- Engaging employees. Diabetes is among the most prevalent health conditions that drive employer healthcare costs, and there are effective programs that can help prevent or better control this disease. However, employers often have trouble encouraging members to participate in these programs.
- Higher costs. The cost of caring for individuals with diabetes is 2.3 times higher than non-diabetics, and over 20% of total U.S. healthcare spend is attributed to people with diagnosed diabetes.
- Improving outcomes. Some suggestions to improve employee engagement and outcomes for members with diabetes or at risk of diabetes include providing easy access to affordable programs, crafting communication and using social networks.
Employers are expecting rising
healthcare costs and report that cost management (67%) and affordability (42%)
are their top priorities over the next three years.
is among the most prevalent health conditions that drive employer healthcare
costs, and there are effective programs that can help prevent or better control
this disease. However, employers often have trouble encouraging members to
participate in these programs, which only save costs if they successfully
cost of caring for individuals with diabetes is 2.3 times higher than
non-diabetics, and over 20% of total U.S. healthcare spend is attributed to
people with diagnosed diabetes. Diabetic complications such as heart disease,
nerve damage vision impairment and kidney failure represent large costs to
health plan sponsors and productivity loss for employers. Most importantly,
these complications lead to a significant decline in quality of life for
are cognizant of these facts and a majority (70%) report that they will focus
on metabolic syndrome and diabetes in the next three years as a means of
improving member health.
has six suggestions for employers to increase program engagement, decrease risk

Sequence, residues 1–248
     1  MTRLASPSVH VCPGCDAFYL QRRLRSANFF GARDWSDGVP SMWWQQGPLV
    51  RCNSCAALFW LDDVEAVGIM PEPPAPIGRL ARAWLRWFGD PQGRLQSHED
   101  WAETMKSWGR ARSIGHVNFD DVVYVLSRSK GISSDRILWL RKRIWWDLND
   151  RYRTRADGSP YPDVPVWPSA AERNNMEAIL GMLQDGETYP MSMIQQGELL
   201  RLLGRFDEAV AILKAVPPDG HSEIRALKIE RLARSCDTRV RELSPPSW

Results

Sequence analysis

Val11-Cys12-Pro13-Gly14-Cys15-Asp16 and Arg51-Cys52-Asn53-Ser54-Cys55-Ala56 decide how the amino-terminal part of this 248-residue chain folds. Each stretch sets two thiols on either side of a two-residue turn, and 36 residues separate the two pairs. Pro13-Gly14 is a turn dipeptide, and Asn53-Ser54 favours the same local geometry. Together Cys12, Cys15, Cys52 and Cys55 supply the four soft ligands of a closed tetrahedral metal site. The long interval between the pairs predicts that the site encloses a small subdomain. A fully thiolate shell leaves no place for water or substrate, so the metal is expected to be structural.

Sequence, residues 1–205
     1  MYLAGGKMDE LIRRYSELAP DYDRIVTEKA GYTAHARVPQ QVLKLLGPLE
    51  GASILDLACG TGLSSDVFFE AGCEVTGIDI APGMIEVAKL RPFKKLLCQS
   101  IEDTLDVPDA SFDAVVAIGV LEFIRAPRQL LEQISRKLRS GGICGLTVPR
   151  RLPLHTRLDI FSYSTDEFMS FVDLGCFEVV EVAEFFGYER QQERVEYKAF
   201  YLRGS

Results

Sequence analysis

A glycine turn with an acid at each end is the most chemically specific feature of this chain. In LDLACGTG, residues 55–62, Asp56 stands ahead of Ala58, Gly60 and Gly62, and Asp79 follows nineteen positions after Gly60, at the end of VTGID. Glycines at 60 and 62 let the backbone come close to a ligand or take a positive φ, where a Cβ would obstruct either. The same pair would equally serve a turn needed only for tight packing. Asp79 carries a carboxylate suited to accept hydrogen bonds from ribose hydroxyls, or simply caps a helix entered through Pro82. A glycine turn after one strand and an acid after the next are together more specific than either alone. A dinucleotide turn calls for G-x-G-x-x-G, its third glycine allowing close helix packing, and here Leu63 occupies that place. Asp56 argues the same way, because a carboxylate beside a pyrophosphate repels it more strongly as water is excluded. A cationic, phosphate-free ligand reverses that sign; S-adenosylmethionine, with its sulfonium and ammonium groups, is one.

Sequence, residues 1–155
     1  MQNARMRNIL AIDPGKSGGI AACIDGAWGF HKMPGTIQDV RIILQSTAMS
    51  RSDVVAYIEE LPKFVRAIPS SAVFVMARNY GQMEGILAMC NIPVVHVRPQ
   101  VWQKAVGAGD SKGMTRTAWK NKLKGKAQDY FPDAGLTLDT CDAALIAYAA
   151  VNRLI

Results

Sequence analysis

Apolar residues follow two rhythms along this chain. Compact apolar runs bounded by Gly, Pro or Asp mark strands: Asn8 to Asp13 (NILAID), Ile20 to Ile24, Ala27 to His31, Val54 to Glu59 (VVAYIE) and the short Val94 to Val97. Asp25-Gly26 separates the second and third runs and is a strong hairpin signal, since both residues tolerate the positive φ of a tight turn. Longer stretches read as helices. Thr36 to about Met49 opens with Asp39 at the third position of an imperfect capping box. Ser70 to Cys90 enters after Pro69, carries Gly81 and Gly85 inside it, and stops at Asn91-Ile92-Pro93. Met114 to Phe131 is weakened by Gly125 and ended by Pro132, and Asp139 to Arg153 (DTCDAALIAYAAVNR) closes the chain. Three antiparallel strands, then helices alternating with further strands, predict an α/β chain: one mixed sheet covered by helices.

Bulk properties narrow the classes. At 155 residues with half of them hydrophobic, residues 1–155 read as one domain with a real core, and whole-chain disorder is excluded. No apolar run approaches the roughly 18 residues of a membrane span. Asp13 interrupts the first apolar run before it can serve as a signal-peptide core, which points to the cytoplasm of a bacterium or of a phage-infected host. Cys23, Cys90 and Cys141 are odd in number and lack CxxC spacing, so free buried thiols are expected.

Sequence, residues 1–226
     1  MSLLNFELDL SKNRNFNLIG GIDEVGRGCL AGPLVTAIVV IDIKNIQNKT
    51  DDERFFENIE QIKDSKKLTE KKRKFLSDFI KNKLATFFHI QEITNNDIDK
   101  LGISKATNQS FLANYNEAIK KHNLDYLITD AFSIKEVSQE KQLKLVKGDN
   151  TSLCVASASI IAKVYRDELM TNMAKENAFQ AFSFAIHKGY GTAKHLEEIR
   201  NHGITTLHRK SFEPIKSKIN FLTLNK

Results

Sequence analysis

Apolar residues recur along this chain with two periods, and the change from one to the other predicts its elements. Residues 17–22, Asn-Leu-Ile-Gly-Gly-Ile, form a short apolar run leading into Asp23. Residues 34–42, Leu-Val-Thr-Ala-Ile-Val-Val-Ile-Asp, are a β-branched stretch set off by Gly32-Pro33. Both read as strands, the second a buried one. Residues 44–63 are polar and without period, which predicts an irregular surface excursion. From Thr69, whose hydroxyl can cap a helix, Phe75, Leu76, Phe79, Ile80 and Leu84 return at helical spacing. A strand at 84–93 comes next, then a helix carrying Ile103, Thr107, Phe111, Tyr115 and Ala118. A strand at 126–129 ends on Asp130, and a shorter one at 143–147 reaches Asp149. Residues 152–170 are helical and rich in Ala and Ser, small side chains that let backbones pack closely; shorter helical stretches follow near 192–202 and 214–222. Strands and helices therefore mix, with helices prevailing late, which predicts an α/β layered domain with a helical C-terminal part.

and improve outcomes for their members with diabetes or at risk of diabetes.
Provide Easy Access to High Quality, Affordable Programs
are conditioned by evolutionary biology to make decisions that take the
smallest amount of energy. Employers can use choice architecture to make it
easy for their members to participate in diabetes and metabolic syndrome
can offer programs free of charge, and simplify enrollment with single sign-on,
a QR code, or a single number to call for those who are more comfortable with
phone versus digital methods. They can prioritize programs which provide
complimentary supplies to decrease logistical roadblocks to test blood glucose,
and they can offer a value-based formulary with no or low out-of-pocket costs
for diabetic medications.
that allow virtual participation through asynchronous applications are more
convenient and can increase engagement. Many diabetics also have high blood
pressure or other chronic diseases. A single, integrated program offering that
addresses multiple needs can simplify navigation.
Communicate the Value of Participation
economics research shows that people hate losses more than they like gains, and
employers can use this loss aversion to encourage initial and persistent
participation in diabetes programs.
those enrolled in diabetes management programs, consistent engagement may be
supported by communications that focus on the loss that is avoided through